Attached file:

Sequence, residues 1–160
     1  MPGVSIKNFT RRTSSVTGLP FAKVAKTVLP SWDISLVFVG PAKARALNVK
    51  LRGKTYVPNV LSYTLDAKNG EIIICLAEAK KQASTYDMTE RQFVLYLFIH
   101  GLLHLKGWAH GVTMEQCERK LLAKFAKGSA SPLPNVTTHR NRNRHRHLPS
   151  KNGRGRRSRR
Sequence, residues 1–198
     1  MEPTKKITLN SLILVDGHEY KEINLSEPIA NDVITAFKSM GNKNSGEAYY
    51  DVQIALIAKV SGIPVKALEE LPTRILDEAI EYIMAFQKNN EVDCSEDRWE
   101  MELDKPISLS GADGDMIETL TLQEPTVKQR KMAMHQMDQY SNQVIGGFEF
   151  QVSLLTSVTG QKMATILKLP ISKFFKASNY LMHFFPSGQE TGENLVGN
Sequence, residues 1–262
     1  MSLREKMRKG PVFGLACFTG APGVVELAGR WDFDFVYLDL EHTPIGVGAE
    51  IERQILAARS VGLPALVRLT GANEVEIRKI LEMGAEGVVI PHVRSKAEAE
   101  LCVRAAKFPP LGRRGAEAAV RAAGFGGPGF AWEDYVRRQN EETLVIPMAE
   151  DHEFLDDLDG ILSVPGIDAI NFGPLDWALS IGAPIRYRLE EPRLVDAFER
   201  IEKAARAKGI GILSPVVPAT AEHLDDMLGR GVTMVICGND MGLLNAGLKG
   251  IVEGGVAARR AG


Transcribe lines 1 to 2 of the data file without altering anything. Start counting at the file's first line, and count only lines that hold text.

Sequence, residues 1–160
     1  MPGVSIKNFT RRTSSVTGLP FAKVAKTVLP SWDISLVFVG PAKARALNVK